Euphemisms old and new
Holy Pretzel! Euphemisms from Green's Dictionary of Slang
The current love of my life is Green's Dictionary of Slang: an enormous, meticulous, ridiculously wonderful historical dictionary that's the biggest slang collection ever made (uncurated Wiki-crapola like Urban Dictionary doesn't count). Jonathon Green's slangapalooza is an extraordinary source for fulfilling this column's mission: finding under-the-radar euphemisms.
Euphemisms, you say? Isn't slang more dysphemic? Well, sure. The dysphemism is the euphemism's drunk, embarrassing, honest twin. Calling cigarettes and electric chairs coffin sticks and sizzle seats are great examples. When you refer to a pile of cash as a wad that would choke a wombat or a lunatic asylum as a giggle academy, you're solidly in the dysphemic realm. That's pretty much the slang wheelhouse.
And yet, as Green has shown, the slang wheelhouse is larger than any of us could have imagined. In three huge volumes — with tissue-thin paper and tiny print — there are oodles of terms that are dainty, obfuscating, batty, and concealing. Here are a few of the most delightful dumplings of doublespeak: all new to me until Green's came along. Warning: they may make you scratch your top-hamper (head).
have a man for breakfast
Get your mind out of the gutter and into the morgue: this one means "to discover a murdered body when one wakes in the morning," and it's been around since the rootin-tootin' cowpoke-shootin' era of 1863. I bet Yosemite Sam would love to have a varmint for breakfast.
have one's little hat on
As fans of Paul Dickson's magnificent collection Drunk know, there are roughly a bazillion and a half terms for being stinko, like blotto. A new one to me was to have one's little hat on. Warning to teachers and writers: never have more than two hats on while grading a paper or writing one.
Mr. Palmer is concerned
Here's an idiom that should make everyone named Palmer offended — except the crooks. This phrase, used since 1812, means "the matter involves bribery". Since I live in Chicago, where the corruption is thicker than the pizza, I'm going to start using this phrase immediately. It may help me get around a few wire-tap problems I've been having at the Euphemism Manor.
This is a term for menstruation used since 1919. I flunked health class, but I don't think you can pay this bill online.
go between the moon and the milkman
That sounds so poetic, but as with so much slang, it refers to something sketchy, specifically: "to abscond from a house or flat, taking one's furniture and possessions, but avoiding payment of any outstanding rent, utility bills, etc." That's shady behavior in any era, even back in the late 1800's, when milkmen still roamed the earth.
A dingledork is a dingleberry, a concept beloved by all — at least all of us who are twelve. I can't think of dingle-whatevers without recalling the words of my favorite comedian, the late George Carlin, whose Life is Worth Losing DVD contains this trenchant commentary: "Another word you don't hear too often is dingleberries. You know, you never hear it on Meet the Press. The dingleberry solution. Dingleberry-gate. Nothing." Even beyond the grave, Carlin identified exactly what's missing from politics today. Operation Odyssey Dawn sounds silly. Operation Dingleberry Destiny would sound sublime.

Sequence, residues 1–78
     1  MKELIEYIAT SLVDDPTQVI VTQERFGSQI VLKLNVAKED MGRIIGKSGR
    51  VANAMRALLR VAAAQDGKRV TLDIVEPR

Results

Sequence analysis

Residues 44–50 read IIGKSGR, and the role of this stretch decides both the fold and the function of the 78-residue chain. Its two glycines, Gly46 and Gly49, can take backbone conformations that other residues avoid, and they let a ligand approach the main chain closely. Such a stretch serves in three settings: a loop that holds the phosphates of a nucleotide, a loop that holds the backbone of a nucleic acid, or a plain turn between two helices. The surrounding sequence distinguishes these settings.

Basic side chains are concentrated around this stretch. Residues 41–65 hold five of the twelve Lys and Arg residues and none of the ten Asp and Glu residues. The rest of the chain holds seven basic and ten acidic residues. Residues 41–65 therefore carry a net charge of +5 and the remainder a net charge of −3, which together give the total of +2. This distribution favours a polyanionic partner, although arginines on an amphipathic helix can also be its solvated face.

see a man about a duck
Speaking of the bathroom, I knew seeing a man about a dog meant to drop the kids off at the pool, but I never knew you could see a man about a bow-wow, rose, horse, or duck — all variations recorded by Green. You can also "see a cat about a horse," but I prefer the quacky version. I have a soft spot for Peking duck, Daffy Duck, Scrooge McDuck, and Gary Larson's duck-centric cartoons. Though The Far Side is best remembered for the cows, Larson's ducks are underrated. In fact, when I die, please put these words on my tombstone: "So, Professor Jenkins! ... My old nemesis! ... We meet again, but this time the advantage is mine! Ha! Ha! Ha!"
The meaning of this term is neither sophisticated nor lady-like — it's cocaine. Less euphemistic coke synonyms in Green's include showbiz sherbet and Bolivian marching powder. Man, who needs drugs when you have such mind-altering words?
In the interests of journalism — and finding an excuse to email one of my lexicographical heroes — I wrote Green and asked for some of his favorite euphs. Mr. Slang mentioned some wonderful examples that "over-egg the custard by underlining their euphemistic sidestepping with puns". Unfortunately, most of his faves also over-egg the obscenity level I can mention in this column. Bummer.
However, I can get away with mentioning one Green suggestion: "Anodyne necklace, hangman's noose, it's a 'pain killer'." Hanging (along with death in general) is oft-mentioned in Green's. John roper's window is a noose and to take the morning stroll is to be hanged. Such euphemisms are pain-killers themselves. If the human race is Dr. House, our vocabulary is an endless bottle of Vicodin, getting us through the day.
I'll take the morning stroll if you don't believe these terms are just the tip of the tip of the tip of the slangberg. If you have a chance to buy, browse, or steal Green's Dictionary of Slang, do it. I could lend you my copy, but you'll have to talk to my friend Mr. Palmer first. He is quite concerned, and who can blame him?